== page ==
Corey Pavin, winner of the 1995 U.S. Open and Ryder Cup Player and Captain, reflects on his younger days growing up in Southern California and learning the game of golf. He was a 1st-Team All-American at UCLA, won the 1981 North and South Amateur which got him on the winning Walker Cup team that same year, and eventually turned professional at age 22. As we recap Corey's playing record, he recounts his days competing in South Africa, Europe and Oceania, before getting his start on the PGA Tour. He talks about his teacher, Bruce Hamilton, and his long-time caddie and friend, Eric Schwarz. Corey Pavin relives his early days, "FORE the Good of the Game."
Pavin grew up in California, earning notice in junior and amateur tournaments. At age 17, he won the Los Angeles City Amateur Championship plus the Junior World Championship. He was recruited to play collegiate golf for UCLA, where his teammates over four years included future PGA Tour players Steve Pate, Jay Delsing, Tom Pernice Jr. and Duffy Waldorf.
While at UCLA, Pavin earned first-team All-American nods in 1979 and 1982, posted 11 victories, and was named NCAA Player of the Year in 1982, the year he graduated.
After turning pro in 1982, Pavin spent most of his first full season as a pro playing outside the United States. And playing well - he won three times, including once on the European Tour and the South African PGA Championship.
A trip to PGA Tour Q-School at the end of 1983 was successful, and 1984 was Pavin's rookie year on the PGA Tour. He started fast, winning the Houston Coca-Cola Open, finishing second twice, and finishing 18th on the money list.
The following year was even better, with the first of his five career finishes inside the Top 10 on the money list.
Pavin was a consistent player through the early part of his career, but his best seasons were 1991-96. In those six years, he finished no lower than 18th on the money list and posted seven victories. He was first on the money list in 1991, fifth in 1992, eighth in 1994 and fourth in 1995.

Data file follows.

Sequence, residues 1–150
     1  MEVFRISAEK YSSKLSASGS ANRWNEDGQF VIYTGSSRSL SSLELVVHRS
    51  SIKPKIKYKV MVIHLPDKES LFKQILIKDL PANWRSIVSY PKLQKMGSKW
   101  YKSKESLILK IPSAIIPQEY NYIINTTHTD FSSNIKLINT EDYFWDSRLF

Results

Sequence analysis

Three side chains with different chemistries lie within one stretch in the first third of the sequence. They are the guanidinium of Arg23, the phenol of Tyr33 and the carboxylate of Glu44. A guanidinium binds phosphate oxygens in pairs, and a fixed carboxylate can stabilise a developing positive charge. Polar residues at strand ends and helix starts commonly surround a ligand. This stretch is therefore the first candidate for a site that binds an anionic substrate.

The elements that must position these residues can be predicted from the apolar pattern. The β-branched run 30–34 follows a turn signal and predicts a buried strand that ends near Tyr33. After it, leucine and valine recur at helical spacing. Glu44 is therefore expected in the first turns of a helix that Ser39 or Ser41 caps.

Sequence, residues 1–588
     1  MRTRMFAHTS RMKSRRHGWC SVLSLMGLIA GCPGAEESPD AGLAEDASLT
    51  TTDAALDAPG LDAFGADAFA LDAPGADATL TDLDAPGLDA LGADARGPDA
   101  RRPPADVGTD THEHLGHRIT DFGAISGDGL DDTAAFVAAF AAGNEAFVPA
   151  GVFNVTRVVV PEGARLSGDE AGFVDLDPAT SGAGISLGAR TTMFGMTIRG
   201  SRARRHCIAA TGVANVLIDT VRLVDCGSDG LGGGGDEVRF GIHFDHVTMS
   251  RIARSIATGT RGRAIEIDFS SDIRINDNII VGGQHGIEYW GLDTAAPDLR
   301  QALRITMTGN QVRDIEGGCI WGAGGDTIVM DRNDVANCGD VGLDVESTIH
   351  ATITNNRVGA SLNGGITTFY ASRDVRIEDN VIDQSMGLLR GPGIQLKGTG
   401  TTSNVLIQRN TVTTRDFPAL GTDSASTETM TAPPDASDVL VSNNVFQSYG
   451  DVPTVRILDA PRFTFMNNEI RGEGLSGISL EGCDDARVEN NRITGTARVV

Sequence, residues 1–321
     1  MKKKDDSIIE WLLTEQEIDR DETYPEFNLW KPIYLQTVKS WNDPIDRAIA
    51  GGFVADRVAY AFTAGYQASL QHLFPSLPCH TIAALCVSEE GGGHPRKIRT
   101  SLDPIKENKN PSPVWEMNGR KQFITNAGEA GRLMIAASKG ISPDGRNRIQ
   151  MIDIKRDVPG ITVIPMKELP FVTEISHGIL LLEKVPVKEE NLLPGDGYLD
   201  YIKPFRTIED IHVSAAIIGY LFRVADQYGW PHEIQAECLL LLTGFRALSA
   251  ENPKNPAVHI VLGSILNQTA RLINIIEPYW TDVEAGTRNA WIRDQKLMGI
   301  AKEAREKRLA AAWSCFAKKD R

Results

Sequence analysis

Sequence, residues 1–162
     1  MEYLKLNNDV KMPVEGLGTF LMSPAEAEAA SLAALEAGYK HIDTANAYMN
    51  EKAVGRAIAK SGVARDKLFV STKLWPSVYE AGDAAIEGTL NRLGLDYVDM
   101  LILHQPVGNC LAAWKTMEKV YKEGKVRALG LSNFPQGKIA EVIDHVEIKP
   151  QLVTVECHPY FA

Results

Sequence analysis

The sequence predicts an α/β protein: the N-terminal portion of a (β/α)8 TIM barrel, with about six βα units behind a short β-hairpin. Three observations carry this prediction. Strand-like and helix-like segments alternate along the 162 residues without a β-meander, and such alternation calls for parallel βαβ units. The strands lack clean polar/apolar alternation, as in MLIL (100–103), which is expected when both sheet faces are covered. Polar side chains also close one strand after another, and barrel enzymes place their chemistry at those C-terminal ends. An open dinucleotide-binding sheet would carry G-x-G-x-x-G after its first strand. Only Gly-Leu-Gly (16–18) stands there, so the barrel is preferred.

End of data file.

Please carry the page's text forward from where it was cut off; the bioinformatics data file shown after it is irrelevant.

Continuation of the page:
He was so good that he was saddled with the "best player never to win a major" label. But Pavin took care of that little problem at Shinnecock Hills, site of the 1995 U.S. Open.
Pavin entered the final round three strokes off the lead. But by the 71st hole, Pavin had passed Greg Norman and held a 1-stroke lead with one hole to play. And on the 18th, he struck what has come to be regarded as one of the best shots, and most pressure-packed shots, of the 1990s. Pavin striped a 4-wood from 238 yards into the green, the ball stopping a mere six feet from the cup. The victory was his.
Pavin also won the Nissan Open in 1995, and in 1996 added the MasterCard Colonial, his 14th career victory. And his last for a long time.
His game began to slip, and it slipped fast. Pavin dropped to 169th on the money list in 1997 with earnings of less than $100,000. Over the next 10 years, Pavin finished inside the Top 100 on the money list just twice.
One of the reasons is that Pavin's period of decline coincided with the surge of equipment changes in the industry, that in turn led to a surge in driving distance. While more and more tour pros were banging 300-yard drives - or averaging 300 yards over the course of the season - Pavin's driving distance didn't move. He remained in the 250s or 260s, annually "battling" for the distinction of the shortest driver on tour.
But Pavin remained very accurate, and when he's putting was on he still could make noise. Such as at the 2006 U.S. Bank Championship in Milwaukee, wherein the first round he set a tour record with a score of 26 over the front nine. Pavin went on to win that tournament, his 15th career victory and first since 1996.
In 2010, Pavin captained the USA team at the Ryder Cup, and he earned his first Champions Tour victory in 2012.